If Dream-pop is the music they pioneered, invented, perfectioned, is debatable and would not make a favour to Kate Bush to name one. Beach House reinvented the 80s dreamy, ethereal, synthetic and someway too complicate atmospheres to new millennium concreteness. The deep voice of Victoria Legrand is the best example to see the difference with Kate Bush or Cocteau Twins.
Tonight show is all about dream and less about pop.
A set of lit pyramids on the back change colours designing monochromatic lightscapes that frame the band and gets on (ours) photographers nerves. Victoria stands in the centre, behind keyboards and mic; drums on the right; guitar, keys and other odd tricks on the left re-establish the simmetry of a 4-in-line line-up.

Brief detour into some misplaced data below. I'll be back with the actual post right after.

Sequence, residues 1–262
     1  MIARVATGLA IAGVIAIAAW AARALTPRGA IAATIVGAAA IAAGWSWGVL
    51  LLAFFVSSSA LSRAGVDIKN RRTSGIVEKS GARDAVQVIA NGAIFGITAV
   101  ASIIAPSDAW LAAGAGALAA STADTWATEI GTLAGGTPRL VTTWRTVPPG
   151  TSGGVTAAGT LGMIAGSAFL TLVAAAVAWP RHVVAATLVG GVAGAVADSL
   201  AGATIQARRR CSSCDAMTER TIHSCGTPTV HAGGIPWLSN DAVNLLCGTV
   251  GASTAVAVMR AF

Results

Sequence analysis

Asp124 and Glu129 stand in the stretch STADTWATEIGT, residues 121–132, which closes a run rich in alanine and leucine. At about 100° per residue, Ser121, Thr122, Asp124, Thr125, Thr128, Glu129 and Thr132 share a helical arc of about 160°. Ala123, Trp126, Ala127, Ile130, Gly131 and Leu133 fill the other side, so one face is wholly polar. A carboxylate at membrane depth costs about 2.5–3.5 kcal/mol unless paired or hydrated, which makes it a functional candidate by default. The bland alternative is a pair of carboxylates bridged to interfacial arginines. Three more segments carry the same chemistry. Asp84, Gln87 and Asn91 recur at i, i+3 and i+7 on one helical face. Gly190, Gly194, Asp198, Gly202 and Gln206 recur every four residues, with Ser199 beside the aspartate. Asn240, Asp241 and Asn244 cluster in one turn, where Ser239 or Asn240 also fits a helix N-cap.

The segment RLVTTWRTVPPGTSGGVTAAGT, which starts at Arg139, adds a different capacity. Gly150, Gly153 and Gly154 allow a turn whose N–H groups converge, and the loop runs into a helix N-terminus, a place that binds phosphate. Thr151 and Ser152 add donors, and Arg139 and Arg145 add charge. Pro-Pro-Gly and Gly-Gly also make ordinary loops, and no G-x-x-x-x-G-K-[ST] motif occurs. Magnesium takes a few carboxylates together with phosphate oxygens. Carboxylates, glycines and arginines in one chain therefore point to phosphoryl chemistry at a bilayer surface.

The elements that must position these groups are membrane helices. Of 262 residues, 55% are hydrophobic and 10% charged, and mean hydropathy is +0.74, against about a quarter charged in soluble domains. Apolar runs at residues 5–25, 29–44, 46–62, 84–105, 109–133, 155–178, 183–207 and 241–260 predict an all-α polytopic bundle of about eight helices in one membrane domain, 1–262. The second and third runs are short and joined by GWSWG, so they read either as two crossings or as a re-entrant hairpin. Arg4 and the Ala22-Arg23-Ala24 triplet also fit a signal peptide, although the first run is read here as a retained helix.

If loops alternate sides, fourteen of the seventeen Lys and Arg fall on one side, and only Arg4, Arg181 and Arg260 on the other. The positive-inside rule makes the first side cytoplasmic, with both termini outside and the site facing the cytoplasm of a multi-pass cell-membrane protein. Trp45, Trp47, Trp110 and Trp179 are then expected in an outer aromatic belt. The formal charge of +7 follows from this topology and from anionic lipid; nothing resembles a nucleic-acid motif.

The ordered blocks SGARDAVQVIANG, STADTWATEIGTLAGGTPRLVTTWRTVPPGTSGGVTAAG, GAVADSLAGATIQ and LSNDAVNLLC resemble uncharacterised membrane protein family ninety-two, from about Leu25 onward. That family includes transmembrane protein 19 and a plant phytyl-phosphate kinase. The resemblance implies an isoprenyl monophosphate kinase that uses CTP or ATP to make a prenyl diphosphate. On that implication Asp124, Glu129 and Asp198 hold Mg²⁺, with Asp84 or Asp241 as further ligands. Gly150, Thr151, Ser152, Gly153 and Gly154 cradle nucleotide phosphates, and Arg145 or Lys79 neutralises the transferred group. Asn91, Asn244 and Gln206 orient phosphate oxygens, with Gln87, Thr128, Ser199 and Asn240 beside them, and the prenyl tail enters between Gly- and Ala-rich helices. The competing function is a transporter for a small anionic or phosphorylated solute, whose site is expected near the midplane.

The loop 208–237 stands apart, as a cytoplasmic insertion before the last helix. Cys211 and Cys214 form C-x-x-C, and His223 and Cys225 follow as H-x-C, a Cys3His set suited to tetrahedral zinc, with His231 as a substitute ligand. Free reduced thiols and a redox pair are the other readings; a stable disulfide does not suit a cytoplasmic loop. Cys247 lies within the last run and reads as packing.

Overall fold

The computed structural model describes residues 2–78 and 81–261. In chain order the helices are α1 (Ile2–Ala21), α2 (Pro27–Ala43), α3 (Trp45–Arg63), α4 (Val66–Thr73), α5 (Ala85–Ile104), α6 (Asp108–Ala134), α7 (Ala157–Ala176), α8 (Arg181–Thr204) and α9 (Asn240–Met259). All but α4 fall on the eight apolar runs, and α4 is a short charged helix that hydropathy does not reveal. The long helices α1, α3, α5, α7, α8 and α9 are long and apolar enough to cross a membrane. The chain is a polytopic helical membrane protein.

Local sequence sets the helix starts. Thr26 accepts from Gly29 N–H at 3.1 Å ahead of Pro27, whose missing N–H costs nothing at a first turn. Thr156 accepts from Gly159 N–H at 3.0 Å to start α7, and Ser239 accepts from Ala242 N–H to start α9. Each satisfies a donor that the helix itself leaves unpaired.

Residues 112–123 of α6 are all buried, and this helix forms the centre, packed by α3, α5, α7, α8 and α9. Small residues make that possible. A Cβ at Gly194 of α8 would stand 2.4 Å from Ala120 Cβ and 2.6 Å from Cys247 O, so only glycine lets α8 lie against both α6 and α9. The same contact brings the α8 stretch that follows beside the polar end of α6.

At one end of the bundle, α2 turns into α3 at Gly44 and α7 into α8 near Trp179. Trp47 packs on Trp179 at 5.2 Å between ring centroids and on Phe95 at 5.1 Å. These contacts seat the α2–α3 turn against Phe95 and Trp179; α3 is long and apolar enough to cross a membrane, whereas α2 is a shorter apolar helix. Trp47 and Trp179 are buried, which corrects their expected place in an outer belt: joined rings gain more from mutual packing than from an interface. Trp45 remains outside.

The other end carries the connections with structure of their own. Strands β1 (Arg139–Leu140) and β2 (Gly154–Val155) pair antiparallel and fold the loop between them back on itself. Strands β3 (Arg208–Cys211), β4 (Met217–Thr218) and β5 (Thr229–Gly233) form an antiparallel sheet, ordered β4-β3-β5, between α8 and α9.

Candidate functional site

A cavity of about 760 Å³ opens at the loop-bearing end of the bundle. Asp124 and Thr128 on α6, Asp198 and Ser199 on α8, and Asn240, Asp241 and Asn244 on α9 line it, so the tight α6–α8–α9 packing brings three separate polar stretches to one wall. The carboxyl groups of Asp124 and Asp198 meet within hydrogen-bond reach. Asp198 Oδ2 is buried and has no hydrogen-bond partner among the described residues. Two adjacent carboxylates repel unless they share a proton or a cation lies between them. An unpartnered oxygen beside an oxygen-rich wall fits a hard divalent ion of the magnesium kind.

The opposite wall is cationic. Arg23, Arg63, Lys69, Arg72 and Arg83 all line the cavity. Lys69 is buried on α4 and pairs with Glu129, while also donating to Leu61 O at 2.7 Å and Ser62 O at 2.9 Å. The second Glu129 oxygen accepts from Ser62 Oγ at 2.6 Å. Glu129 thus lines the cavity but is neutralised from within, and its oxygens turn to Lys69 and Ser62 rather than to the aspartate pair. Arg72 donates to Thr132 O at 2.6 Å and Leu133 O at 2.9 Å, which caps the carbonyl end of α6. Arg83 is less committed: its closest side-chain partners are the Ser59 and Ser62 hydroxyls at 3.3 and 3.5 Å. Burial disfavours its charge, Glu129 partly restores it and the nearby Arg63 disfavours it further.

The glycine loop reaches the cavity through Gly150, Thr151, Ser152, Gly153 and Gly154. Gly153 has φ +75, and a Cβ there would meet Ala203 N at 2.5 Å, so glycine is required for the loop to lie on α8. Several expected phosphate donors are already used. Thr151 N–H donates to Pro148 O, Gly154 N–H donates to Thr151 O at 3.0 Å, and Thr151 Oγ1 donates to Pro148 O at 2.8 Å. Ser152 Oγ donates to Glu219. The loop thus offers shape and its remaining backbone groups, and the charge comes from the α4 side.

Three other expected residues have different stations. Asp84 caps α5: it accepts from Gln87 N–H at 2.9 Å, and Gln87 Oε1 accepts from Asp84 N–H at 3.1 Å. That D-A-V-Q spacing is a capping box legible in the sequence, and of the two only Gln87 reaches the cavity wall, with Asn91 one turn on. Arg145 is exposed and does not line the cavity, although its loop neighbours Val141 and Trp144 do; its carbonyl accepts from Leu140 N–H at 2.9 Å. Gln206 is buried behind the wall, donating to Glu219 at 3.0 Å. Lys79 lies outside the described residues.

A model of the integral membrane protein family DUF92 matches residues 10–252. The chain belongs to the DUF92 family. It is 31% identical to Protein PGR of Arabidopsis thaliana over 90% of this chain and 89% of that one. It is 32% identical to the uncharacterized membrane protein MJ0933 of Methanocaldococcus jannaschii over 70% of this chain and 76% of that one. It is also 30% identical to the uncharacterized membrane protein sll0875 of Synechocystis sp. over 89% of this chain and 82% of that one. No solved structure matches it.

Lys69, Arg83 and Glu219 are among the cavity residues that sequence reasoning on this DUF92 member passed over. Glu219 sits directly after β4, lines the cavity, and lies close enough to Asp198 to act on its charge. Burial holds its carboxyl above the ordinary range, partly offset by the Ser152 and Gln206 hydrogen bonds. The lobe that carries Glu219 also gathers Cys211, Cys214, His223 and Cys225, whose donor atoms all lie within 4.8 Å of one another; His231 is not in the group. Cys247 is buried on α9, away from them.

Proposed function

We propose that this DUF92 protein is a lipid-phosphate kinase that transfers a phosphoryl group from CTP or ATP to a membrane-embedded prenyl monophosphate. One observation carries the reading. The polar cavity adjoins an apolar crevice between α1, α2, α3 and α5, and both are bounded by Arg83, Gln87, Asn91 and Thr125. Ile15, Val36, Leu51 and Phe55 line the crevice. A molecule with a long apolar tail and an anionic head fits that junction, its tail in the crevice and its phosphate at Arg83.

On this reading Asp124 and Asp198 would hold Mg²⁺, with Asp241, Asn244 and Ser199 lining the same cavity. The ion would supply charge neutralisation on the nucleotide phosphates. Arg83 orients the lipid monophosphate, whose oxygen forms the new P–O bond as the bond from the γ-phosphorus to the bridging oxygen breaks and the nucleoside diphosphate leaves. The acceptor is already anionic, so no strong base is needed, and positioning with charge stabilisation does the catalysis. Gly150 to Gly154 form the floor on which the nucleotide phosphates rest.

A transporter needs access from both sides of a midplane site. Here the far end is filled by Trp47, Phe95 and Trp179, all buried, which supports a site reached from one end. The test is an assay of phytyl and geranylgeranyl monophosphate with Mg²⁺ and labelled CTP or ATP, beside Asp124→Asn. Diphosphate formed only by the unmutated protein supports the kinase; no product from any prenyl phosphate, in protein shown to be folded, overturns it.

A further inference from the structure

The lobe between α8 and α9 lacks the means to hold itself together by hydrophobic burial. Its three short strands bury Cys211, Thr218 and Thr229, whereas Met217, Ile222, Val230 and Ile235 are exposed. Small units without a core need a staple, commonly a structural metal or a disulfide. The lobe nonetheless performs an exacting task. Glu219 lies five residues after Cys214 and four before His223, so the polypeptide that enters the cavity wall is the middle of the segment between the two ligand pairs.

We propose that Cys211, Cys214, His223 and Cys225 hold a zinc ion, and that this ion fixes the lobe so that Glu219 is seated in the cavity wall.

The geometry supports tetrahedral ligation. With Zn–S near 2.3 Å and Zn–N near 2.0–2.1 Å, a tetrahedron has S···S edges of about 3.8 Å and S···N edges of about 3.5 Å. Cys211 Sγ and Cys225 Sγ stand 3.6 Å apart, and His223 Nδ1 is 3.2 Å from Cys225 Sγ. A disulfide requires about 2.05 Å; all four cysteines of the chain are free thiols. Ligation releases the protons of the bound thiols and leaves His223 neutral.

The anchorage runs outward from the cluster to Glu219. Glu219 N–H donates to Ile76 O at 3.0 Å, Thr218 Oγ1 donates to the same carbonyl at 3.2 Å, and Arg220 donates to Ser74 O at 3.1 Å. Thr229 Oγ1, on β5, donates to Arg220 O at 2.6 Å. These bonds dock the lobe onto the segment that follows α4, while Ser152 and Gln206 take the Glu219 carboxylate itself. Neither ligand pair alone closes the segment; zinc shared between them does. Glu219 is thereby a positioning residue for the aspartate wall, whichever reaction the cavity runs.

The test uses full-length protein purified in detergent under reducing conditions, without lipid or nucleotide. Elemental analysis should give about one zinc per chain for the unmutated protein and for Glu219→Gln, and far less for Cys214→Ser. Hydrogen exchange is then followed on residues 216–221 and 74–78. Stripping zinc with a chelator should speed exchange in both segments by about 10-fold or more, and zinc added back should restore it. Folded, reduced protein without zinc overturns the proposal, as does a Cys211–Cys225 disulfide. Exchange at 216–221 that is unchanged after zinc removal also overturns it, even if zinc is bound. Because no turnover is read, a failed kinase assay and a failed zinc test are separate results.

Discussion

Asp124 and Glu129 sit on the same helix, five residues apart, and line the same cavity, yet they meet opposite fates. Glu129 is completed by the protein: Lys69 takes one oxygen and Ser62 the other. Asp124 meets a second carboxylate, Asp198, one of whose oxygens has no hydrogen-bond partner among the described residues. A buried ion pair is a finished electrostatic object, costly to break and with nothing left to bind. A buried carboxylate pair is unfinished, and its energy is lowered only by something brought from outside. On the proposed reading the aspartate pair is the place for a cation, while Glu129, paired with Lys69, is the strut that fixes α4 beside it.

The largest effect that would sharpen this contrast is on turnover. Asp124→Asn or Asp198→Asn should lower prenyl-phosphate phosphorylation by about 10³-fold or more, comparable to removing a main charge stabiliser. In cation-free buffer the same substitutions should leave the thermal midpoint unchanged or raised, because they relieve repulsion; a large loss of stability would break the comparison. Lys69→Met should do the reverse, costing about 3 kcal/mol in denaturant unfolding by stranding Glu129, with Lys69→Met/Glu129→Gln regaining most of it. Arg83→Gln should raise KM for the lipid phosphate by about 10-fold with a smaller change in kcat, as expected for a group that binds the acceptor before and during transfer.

The concert open with Better Times and it is difficult to argue that there haven’t been better times for them, despite the lovestory hidden in the lyrics I can see the metaphore when song goes “We don’t need a sign to know better times”. Signs will arrive in endless round af applause.
Walk in the Park, Norway and Silver Soul close the poker of songs from Teen Dream. When a band can open a concert with 4 songs from the new album, album that is going to be played in full, you know that you are part of a gig of someone at the top of his career.
Master of None from the self titled debut and Astronaut from Devotion set a short look back in time before three more tracks bring Teen Dream to its live splendour.